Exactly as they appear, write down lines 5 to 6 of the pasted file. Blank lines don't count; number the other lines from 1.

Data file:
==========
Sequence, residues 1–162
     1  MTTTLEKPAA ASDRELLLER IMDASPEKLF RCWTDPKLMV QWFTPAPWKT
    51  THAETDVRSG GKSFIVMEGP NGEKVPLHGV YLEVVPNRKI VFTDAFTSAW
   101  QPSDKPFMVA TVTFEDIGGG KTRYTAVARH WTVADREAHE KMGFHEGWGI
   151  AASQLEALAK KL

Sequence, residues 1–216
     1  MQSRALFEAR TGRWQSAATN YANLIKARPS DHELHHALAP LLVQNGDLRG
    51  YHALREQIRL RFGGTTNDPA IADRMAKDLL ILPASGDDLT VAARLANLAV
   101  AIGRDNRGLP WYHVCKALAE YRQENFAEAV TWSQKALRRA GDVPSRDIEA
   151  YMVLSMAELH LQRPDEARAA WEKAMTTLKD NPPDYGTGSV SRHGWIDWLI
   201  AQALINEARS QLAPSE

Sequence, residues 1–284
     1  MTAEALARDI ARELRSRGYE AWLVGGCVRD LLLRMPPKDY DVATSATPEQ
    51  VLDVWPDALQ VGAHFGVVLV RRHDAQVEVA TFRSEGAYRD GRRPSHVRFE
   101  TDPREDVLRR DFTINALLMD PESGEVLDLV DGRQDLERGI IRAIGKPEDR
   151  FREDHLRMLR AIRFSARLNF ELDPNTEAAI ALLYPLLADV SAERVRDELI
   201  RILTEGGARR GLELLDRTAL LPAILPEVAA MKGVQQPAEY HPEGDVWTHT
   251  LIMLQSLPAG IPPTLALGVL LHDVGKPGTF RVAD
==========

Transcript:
   151  AASQLEALAK KL

Sequence, residues 1–216